One of the first suggestions I made about how to create an ideal world was to get everyone in the world to support the goal of maximizing the size and welfare of the entire population over time. I later detailed how I thought we could evaluate our progress toward this goal: Multiply the population by ideality for every year and add these numbers (each an “Ideal World Index”) together as far into the future as possible, based on the best simulations we could create. Theoretically, every decision we make affects the actual result, which we would like to be very, very large.
I then spent a lot of time describing and refining my approach to simulating population and ideality, perhaps more time than my readers had patience for. The effort was driven by my need to understand the disturbing prediction of an earlier model (really, just a curve fit of cumulative consumption and population) that showed the population crashing rather abruptly early in this century after peaking in 2020. The current state of simulation, what I’ve been calling my “population-consumption model,” has achieved lower than 20 percent error in consumption (typically less than 10 percent), and less than 5 percent error in population over three types of resources: ecological, energy, and economic. As a consequence, the population was projected to peak a little bit later (between 2035 for ecological resources and 2049 for economic resources), and it dropped more gradually (though still to zero). There was also an added bonus: I could now anticipate non-zero populations with higher consumption (aside from the hand-waving argument that we would learn to eat rocks), and evaluate what it would take to achieve them.
All the time, I was aware how kooky the whole notion must be to the people I know, that there was even a tiny chance that the world’s population would start to crash in our lifetimes. Years ago, I read a great book called Limits to Growth: The 30-Year Update, which did a much more thorough job of simulating population and lifestyle than I could ever do. My own modeling began as a way of testing the book’s conclusions, including some population graphs which are eerily similar to the ones I am now generating (the book’s business-as-usual graph follows mine based on ecological resources for the next decade, then peaks about a decade sooner than mine; the book takes into account negative effects from waste, which may be responsible for much of the difference). The bottom line is that I convinced myself of the empirical plausibility of the book’s arguments, had fun exploring some related ideas in the process, and have practically decided to spend the rest of my life trying to keep the disaster from happening.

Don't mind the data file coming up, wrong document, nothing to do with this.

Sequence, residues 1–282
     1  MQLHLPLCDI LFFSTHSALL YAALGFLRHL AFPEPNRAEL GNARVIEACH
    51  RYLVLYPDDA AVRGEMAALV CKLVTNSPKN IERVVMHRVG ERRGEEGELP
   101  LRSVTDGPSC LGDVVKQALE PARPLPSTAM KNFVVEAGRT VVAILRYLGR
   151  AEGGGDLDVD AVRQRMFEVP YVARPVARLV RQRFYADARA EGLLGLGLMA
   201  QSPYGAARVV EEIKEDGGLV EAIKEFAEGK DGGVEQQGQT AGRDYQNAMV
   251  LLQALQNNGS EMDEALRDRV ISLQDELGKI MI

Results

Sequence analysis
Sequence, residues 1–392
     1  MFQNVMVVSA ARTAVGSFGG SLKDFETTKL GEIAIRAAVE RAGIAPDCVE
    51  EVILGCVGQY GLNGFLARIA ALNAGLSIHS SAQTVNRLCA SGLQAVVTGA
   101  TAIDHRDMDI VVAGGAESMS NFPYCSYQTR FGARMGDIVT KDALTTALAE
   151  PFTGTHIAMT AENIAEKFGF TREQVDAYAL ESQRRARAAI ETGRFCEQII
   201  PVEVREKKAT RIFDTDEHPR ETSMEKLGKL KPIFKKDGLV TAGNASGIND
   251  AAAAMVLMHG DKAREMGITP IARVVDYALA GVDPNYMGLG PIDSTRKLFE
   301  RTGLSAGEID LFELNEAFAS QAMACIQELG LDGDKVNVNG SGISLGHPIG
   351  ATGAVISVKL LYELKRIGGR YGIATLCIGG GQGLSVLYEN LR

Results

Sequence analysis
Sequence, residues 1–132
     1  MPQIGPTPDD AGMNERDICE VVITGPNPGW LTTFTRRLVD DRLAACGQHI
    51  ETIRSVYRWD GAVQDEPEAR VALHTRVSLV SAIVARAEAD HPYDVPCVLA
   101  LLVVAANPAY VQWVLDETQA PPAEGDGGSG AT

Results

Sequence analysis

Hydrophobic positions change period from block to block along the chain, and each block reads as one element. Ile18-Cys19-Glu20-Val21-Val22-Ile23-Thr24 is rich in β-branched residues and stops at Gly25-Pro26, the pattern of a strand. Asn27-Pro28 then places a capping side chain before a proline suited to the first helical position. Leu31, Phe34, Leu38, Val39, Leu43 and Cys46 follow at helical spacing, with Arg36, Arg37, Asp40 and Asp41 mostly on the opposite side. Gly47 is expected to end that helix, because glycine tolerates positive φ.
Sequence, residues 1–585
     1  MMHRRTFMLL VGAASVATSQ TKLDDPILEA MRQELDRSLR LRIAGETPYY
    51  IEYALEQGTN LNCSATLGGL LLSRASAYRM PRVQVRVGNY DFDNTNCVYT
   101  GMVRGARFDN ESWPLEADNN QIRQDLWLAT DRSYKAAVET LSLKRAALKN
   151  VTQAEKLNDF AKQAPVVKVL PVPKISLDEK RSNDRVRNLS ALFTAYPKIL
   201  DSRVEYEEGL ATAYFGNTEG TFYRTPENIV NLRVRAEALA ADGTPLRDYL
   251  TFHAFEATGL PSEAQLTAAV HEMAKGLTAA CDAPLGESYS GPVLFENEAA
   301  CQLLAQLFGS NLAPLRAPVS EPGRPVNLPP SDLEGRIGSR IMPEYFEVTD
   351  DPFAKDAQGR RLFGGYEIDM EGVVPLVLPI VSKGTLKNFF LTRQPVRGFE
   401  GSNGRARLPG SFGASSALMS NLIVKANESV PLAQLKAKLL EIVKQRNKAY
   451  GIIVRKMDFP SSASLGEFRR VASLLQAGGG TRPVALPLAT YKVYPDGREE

Perhaps to create an “ideal world” is to just create a world where the worst doesn’t happen. The need for global cooperation is still there: the problems are too huge for any group or even country to deal with on its own. As I say in my rapidly growing active Web site dedicated to this study, “With power comes responsibility, but far too many of us are in denial of our power and unwilling to accept the responsibility that comes with it. Unfortunately, we no longer have that option.”